There are several reasons why it isn’t a good idea to make your Labrador an outside dog.  First, there are lots of dangers out there for him outside. There can be poisonous plants, chemicals, snakes, coyotes and other wildlife. Also, if he barks or howls then you will probably have neighbors who will be rather upset.


Labradors are smart and very crafty.  If he wants to be around people he will try to find a way out.  Make sure that you don’t have anything near the fence that he can get up on to help him scale it.  You also need to make sure there are no loose boards he can get through or areas where he can dig under.  As I have stated, Labradors are extremely social and will do whatever they can to be around people.


If he gets bored, your Lab can become destructive.  He may chew up things in the yard or dig up plants. He can become distressed and even get aggressive.


Some Labs develop skin problems and rashes from being outside too much. They also have more of a chance of having flea and tick issues or picking up a parasite. I discuss the issue of treating your dog for parasites in-depth in my article, How Do Dogs Get Worms.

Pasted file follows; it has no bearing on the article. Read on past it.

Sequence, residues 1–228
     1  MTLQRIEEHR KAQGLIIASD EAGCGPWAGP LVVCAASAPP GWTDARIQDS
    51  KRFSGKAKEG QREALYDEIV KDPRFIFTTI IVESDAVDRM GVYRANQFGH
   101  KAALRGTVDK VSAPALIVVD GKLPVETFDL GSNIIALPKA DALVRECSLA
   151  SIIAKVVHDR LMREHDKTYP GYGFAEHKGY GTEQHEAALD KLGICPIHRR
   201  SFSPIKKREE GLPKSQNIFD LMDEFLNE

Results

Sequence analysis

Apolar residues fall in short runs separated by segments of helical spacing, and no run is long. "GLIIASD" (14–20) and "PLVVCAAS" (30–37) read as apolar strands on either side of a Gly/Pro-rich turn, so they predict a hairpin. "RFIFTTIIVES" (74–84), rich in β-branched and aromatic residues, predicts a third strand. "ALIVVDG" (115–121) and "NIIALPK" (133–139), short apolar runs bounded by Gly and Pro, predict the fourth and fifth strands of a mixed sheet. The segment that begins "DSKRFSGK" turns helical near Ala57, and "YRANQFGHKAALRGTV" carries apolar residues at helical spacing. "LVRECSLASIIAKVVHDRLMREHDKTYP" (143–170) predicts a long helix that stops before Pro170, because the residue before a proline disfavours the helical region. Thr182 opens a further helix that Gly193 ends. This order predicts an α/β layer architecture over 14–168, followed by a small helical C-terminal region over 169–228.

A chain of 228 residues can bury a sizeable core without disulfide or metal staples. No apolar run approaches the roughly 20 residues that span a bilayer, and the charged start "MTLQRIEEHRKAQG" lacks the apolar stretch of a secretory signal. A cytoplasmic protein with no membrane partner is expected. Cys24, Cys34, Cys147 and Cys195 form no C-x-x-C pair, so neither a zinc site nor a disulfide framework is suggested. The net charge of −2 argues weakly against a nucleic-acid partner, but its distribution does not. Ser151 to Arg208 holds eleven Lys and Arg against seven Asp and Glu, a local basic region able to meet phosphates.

The biggest danger to your Labrador when he is outside is the weather. Even though Labs can do well in several types of weather, extreme temperatures can still cause them harm.  In hot weather, you need to watch for signs of heat stroke. If you Lab is panting excessively, drooling, or his gums have turned a deep red, then you need to get him inside and cooled down.  When it is cold outside you need to watch for signs of hypothermia. If your Lab is shivering, lethargic, or seems to lack coordination, get him inside and warmed up right away. Both heat stroke and hypothermia can lead to a coma or even death if your dog isn’t cared for immediately.


What Are Options for Leaving Labradors Inside?

If you have to be gone for long periods every day (and let’s face it, most of us have to work, right?), there are other options for where to keep your Labrador.